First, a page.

Wednesday, October 27, 2010

Vote Suppression Tactic #1: Thwarted

A Federal appeals court announced yesterday that states could not require proof of voters' citizenship when they register. Congress had acted in 1993 to require voters to swear that they were a citizen, meet age requirements, and prove identity. A three-judge panel that included former Supreme Court Justice Sandra Day O'Connor announced yesterday that this federal regulation is a ceiling to regulation and not a floor; states cannot build additional requirements to register vote on top of it. The ruling expunged a section of a 2004 Arizona voting law which had resulted in tens of thousands of registered voters being purged from the voter rolls.
[Plaintiff's attorney] Perales said state officials have used the law to disqualify 30,000 people who filled out federal registration forms attesting to their citizenship. She said a disproportionate number were Latinos, including naturalized citizens who were wrongly disqualified because their driver's license numbers did not reflect their citizenship.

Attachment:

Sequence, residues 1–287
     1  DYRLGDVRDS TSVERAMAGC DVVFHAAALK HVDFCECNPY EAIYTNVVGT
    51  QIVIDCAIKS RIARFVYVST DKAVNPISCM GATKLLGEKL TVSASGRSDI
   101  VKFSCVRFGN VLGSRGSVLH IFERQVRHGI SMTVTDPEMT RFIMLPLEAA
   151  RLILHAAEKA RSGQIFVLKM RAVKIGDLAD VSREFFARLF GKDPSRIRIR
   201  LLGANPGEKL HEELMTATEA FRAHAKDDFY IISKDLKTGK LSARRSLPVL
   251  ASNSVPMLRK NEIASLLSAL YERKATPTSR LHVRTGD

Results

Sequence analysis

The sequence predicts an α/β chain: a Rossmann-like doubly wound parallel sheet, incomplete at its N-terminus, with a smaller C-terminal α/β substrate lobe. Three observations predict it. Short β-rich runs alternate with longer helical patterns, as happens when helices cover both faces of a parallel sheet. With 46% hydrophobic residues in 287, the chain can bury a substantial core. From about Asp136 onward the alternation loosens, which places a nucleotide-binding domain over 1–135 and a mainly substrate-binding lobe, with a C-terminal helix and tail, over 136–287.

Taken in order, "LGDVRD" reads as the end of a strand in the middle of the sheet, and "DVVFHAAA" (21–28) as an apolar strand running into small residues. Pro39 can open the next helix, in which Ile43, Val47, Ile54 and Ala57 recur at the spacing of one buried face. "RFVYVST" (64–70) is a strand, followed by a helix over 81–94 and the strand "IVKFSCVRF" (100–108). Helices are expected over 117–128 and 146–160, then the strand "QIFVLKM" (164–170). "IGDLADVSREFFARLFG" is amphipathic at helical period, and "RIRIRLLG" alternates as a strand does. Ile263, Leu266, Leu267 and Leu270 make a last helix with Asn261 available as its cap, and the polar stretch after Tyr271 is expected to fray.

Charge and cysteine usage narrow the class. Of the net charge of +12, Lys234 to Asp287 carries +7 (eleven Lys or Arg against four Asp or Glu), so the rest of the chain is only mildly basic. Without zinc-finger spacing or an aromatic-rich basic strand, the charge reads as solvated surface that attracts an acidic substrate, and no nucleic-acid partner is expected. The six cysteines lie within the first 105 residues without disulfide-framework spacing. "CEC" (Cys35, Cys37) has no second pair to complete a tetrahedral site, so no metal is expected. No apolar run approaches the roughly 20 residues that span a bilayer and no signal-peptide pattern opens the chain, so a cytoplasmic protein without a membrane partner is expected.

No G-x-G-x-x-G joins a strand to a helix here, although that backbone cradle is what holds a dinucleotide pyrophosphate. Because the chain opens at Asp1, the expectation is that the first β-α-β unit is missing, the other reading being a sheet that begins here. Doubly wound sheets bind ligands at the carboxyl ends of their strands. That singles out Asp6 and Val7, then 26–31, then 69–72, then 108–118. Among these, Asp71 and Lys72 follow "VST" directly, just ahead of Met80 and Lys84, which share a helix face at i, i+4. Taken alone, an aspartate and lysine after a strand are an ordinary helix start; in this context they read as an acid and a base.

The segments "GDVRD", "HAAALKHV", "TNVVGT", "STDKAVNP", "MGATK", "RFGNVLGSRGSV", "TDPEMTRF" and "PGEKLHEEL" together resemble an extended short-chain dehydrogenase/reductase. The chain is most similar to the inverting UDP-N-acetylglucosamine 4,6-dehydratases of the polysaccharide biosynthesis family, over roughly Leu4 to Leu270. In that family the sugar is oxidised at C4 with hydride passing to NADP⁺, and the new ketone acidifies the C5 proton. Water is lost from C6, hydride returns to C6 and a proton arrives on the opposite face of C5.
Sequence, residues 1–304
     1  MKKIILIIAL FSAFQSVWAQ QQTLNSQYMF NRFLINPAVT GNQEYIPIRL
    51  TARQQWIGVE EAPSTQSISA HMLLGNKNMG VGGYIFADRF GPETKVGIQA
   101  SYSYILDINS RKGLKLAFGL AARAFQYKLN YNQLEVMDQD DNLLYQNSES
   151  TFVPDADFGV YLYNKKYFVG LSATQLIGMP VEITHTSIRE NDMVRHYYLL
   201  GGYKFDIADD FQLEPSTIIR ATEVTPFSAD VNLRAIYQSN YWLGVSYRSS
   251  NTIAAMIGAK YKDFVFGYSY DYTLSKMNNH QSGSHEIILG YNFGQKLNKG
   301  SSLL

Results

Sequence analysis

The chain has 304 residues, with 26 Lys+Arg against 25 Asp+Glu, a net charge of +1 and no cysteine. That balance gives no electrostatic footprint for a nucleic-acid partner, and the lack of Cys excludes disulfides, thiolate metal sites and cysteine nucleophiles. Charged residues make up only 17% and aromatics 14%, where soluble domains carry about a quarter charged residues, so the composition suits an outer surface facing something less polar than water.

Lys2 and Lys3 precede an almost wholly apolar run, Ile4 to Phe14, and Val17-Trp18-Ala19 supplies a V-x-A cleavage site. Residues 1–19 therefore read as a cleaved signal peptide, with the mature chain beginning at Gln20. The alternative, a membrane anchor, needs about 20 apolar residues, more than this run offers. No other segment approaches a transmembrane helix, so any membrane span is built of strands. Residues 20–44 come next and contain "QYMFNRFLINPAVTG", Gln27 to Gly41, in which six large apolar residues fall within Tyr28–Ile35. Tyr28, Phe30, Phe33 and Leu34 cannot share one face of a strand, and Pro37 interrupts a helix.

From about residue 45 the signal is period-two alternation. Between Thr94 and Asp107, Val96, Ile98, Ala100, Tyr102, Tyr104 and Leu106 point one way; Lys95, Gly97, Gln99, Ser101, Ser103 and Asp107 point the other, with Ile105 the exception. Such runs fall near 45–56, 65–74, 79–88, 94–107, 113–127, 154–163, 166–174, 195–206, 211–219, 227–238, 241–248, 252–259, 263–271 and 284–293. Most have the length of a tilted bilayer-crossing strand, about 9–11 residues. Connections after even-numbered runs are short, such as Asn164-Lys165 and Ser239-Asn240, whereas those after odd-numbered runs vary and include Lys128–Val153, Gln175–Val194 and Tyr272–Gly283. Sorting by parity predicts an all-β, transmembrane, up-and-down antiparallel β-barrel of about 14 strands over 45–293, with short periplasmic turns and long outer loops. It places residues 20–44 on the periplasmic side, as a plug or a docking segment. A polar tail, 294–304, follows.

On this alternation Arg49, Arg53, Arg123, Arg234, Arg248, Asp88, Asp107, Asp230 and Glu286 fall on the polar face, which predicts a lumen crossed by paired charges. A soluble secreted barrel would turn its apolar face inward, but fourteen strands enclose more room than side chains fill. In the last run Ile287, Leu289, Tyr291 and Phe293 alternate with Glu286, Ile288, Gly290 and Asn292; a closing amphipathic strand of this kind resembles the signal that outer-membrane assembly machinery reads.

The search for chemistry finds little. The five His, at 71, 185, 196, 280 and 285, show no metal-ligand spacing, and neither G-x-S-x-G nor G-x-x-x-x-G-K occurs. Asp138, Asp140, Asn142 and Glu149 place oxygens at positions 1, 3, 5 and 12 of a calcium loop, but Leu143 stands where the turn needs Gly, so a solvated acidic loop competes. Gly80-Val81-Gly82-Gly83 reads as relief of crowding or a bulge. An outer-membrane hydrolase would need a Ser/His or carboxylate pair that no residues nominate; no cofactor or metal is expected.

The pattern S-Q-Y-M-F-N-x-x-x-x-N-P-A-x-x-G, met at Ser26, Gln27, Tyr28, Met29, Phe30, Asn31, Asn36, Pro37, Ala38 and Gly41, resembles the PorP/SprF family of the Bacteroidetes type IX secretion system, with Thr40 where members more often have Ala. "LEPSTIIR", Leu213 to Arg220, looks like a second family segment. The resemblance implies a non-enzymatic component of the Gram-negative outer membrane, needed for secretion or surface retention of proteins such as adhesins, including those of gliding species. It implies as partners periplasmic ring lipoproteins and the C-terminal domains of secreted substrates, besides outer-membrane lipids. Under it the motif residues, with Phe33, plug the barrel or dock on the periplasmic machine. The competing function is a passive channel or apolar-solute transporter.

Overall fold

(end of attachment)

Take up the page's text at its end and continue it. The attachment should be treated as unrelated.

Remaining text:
The ruling only has effect in the 9th circuit, but the principle should guide states everywhere: the federal government has occupied the field of determining proof of identity and citizenship in order to register to vote. State laws which require more than the federal requirements will be struck down.

It should be noted that because the law had been enforced via voting roll purge that many voters registered to vote, received their voter registration cards, then showed up at a polling place on election day and were not allowed to vote. Voting roll purges occur with little oversight. The constitutional action in this case takes place under the Elections clause which was designed to frustrate States' attempts to undermine federal elections. Preventing lawful voters from registering to vote for trivial reasons like them not having a passport or copy of their birth certificate about them when they register seems to me like interference. I need to write a paper so here's the opinion. Go read it.

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